REVIEW SUMMARY: A brilliant short story collection, which deserves a spot right next to your volume of fairy tales and I’m not talking about the child-friendly variety here.
BRIEF SYNOPSIS: Interconnected stories of dangerous books, witches and wise women, fey folk from a different realm and girls trained to be assassins, professional poisoners and healers. This collection introduces the sisterhood of Little Sisters of St Florian and is set in the world of Slatter’s Sourdough and Other Stories, acting as an origin story for the events in the previous collection.
PROS: Exquisite prose; a shared world where the stories bleed into each other to establish a vibrant and sprawling mythology; complex portrayal of women as protagonists and antagonists; the breathtaking pen-and-ink illustrations by artist Kathleen Jennings.
CONS: The collection ended. Honestly, I could read at least three more volumes with tales in this world.
BOTTOM LINE: It’s among the strongest short story collections on the market and it will fill your heart with darkest wonders.
With The Bitterwood Bible and Other Recountings Angela Slatter proves why she’s one of the most important voices in fantasy. Fairy tales have seen a strong resurgence in recent years, but only Slatter understands them well enough to distill the essence that made them influential and prevalent and create her own mythos. She succeeds in her task and her short stories rival Grimm’s fairy tales in their darkness, danger and viciousness.
Jonathan Wood is an Englishman in New York. There’s a story in there involving falling in love and flunking out of med school, but in the end it all worked out all right, and, quite frankly, the medical community is far better off without him, so we won’t go into it here. His debut novel, No Hero was described by Publisher’s Weekly as “a funny, dark, rip-roaring adventure with a lot of heart, highly recommended for urban fantasy and light science fiction readers alike.” Barnesandnoble.com listed it has one of the 20 best paranormal fantasies of the past decade, and Charlaine Harris, author of the Sookie Stackhouse novels described it as, “so funny I laughed out loud.” His short fiction has appeared in Weird Tales, Chizine, and Beneath Ceaseless Skies, as well as anthologies such as The Book of Cthulhu 2 and The Best of Beneath Ceaseless Skies, Year One.
Haralambi Markov: Hello, Jonathan. Welcome! Thank you so much for taking the time to do this interview. Let’s get right to it. Your sophomore novel – Yesterday’s Hero – is hitting the shelves soon. I’ll pretend I’ve no clue what it’s about. How would you sell it to me in as few words as possible?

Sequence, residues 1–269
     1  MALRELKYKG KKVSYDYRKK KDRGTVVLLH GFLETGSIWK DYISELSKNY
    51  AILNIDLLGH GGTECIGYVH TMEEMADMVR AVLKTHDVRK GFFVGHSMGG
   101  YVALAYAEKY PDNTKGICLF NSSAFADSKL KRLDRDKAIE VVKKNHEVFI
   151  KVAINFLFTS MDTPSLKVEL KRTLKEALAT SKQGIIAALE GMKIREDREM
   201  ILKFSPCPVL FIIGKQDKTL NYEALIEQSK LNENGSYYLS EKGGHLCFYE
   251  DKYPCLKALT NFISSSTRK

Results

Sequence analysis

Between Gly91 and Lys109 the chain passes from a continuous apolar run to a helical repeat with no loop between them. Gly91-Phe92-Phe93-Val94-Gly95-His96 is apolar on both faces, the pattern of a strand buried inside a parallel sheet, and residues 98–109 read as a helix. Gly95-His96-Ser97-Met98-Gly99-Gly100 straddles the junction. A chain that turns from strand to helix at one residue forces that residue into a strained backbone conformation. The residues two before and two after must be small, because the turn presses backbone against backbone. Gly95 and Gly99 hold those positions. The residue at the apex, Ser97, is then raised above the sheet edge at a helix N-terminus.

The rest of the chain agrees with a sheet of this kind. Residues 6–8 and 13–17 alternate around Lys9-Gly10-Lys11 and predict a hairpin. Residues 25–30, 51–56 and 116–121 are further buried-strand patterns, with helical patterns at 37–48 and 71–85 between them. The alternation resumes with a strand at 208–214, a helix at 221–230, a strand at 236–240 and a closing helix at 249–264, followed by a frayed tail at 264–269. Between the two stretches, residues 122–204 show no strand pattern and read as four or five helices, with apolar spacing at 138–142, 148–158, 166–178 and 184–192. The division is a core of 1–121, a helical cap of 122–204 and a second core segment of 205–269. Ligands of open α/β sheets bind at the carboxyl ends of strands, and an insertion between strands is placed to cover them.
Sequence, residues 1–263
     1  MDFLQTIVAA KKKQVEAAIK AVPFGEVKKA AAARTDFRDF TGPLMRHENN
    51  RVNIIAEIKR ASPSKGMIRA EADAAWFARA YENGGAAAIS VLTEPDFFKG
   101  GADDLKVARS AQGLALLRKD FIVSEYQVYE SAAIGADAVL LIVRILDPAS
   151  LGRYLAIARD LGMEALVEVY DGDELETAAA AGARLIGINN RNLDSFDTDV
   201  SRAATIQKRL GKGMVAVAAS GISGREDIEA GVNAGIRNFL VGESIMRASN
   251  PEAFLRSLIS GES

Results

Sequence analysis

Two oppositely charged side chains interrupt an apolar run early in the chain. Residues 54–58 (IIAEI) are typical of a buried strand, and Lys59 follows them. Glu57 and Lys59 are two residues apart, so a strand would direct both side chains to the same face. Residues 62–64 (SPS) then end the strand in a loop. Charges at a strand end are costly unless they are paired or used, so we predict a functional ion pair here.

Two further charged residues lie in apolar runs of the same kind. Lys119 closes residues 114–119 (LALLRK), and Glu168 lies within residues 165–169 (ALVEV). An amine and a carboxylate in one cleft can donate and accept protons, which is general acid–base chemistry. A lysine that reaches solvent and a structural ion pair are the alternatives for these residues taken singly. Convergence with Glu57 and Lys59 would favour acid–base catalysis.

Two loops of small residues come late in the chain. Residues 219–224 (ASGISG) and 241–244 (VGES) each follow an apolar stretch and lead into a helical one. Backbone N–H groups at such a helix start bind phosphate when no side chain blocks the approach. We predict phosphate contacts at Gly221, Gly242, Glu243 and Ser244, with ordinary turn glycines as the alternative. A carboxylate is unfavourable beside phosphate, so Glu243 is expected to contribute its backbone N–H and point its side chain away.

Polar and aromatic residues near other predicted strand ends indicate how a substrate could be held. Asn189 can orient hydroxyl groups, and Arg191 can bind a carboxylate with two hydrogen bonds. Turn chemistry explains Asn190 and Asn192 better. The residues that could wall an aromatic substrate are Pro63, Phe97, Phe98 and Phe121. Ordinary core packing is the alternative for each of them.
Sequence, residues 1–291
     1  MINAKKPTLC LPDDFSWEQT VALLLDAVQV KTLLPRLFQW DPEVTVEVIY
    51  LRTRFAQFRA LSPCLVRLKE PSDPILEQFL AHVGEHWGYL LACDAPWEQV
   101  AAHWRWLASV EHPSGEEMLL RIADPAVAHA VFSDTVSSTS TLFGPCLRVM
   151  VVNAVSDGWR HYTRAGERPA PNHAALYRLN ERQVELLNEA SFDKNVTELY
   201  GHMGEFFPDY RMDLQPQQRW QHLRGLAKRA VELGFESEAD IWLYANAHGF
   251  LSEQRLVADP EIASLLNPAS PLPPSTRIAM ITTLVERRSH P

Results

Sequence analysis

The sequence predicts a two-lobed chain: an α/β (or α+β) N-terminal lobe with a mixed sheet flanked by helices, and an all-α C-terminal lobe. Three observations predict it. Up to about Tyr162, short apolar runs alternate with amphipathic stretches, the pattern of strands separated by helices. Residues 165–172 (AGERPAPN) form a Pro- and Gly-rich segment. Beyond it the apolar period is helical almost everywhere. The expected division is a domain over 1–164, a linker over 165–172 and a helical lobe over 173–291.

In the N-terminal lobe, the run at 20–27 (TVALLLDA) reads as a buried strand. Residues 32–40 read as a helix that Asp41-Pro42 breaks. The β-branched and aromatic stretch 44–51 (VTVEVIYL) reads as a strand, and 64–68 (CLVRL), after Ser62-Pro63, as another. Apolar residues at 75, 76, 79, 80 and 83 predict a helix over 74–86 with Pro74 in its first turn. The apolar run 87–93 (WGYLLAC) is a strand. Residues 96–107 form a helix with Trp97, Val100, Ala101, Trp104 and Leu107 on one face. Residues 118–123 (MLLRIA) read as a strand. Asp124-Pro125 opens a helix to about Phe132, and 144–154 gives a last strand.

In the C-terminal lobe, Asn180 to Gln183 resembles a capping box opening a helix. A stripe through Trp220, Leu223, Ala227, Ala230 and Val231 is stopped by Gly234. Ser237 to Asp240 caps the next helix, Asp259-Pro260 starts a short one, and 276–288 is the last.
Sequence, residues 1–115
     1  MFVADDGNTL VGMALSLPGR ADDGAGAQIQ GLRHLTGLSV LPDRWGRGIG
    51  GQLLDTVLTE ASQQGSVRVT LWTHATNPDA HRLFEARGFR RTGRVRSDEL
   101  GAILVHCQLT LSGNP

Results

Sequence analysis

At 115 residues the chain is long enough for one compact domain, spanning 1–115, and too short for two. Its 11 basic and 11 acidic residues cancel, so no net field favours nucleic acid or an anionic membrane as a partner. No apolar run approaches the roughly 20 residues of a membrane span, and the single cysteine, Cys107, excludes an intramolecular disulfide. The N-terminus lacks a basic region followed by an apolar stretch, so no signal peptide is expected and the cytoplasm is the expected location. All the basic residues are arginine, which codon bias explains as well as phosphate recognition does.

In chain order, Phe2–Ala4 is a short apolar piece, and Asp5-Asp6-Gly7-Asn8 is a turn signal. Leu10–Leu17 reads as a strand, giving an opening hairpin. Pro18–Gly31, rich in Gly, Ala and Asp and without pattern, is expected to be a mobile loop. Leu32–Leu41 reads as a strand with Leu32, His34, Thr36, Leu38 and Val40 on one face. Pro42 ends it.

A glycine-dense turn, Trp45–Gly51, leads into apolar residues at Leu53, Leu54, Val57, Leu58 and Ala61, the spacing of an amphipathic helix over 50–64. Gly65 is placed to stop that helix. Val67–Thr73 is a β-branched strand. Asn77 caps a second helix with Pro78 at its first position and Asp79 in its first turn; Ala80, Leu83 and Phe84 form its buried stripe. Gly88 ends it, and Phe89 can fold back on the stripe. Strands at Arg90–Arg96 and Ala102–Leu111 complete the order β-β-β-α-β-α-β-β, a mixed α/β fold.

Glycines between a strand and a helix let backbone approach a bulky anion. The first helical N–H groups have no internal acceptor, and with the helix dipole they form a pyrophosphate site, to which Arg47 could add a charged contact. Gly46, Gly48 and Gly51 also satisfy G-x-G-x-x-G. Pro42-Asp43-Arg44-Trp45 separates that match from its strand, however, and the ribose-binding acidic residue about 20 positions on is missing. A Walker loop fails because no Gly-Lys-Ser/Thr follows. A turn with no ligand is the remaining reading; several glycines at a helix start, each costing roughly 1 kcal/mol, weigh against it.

Jonathan Wood: A team of misfit secret agents from England attempt to thwart the diabolical plans of a team of time-travelling Russian wizards. Hijinks and a zombie T-Rex ensue. How’s that?
REVIEW SUMMARY: A debut collection that effortlessly plays with the finer nuances of sorrow and whimsy, though not without some wandering.
BRIEF SYNOPSIS: Beautiful Sorrows has no theme other than to showcase the range and skill of Mercedes M. Yardley. Her debut collection presents a rich assortment of short stories, flash fiction and micro fiction set in worlds that both resemble our own and remind of forgotten fairy tales left to their own devices.
PROS: Beautiful language that pairs with imaginative storylines; surreal, dream-like events; a general sense of unconventionality that works in favor of the narratives; emotionally charged scenes and strong characterization.
CONS: The flash and micro fiction pieces pale in comparison to the longer offerings, which make for an uneven reading experience
BOTTOM LINE: It’s a great debut. Beautiful Sorrows is subtle in some places, heartbreaking in others. Both surreal and painfully relatable in its familiarity. Mercedes M. Yardley sounds like no writer I’ve read until now and there’s a high chance she sounds like no one other than herself. That’s something to look forward to experiencing.
Beautiful Sorrows is a peculiar collection by a peculiar author with a peculiar voice and even more peculiar stories. That’s the best introduction I can manage and be concise as to what you can expect reading. This debut collection falls on the slimmer side, peppered with micro and flash fiction pieces serving as punctuation to the greater emotional narrative within Beautiful Sorrows. In his introduction, P. Gardner Goldsmith compares Yardley to a siren and rightfully so, but instead songs that fuel lust, Yardley sings songs to make hearts break.
REVIEW SUMMARY: A murder mystery with big aspirations that tries its very best, but is tripped by a detective-bard that’s the antithesis of a bard.
BRIEF SYNOPSIS: The travelling bard Talus and his companion Bran find themselves with a murder on their hands as they pass through the island of Creyak. The victim? The king. Who could commit such a crime? At first, it appears there is no clear motive and no suspect daring enough to kill the king and anger the spirits in the afterlife. But Talus and Bran soon find that the peaceful and isolated Creyak holds its share of secrets.
PROS: The juxtaposition of a detective narrative and investigation that reminds you of many police procedural dramas against an unlikely setting; the murder mystery and reveal are decent and satisfactory; the interpersonal relationships between the island natives, especially the sons of the king, are genuine and interesting to see unwind; the novel diversifies the cast with the inclusion of a gay character.
CONS: The writing tries to evoke a film noir feel, but most sentences turn into telegrams and at times it feels like you have a woodpecker in your head; Talus is supposed to read as a smart and cunning character who has everything under control, but remains a condescending grouch throughout the novel; Bran reads like a plot device that prompts Talus to explain every detail and break in the case to the reader.
BOTTOM LINE: I’ve had a maddening experience with Talus and the Frozen King because when Edwards nails it, this book is a page turner. I had no idea who the murderer was and all the suspects had the motivation to commit the crime. I loved the concept and how the investigative process translates into the Neolithic era. But when Edwards misses the mark, the novel makes me want to bang my head against a wall. I fluctuated between adoration and pure rage every thirty or so pages.
Talus and the Frozen King is at its core a whodunit murder mystery, so any discussion of plot holds little to no merit. I’m going to provide key points with as few spoilers as possible, but some minor spoilers may slip in. Beware, reader!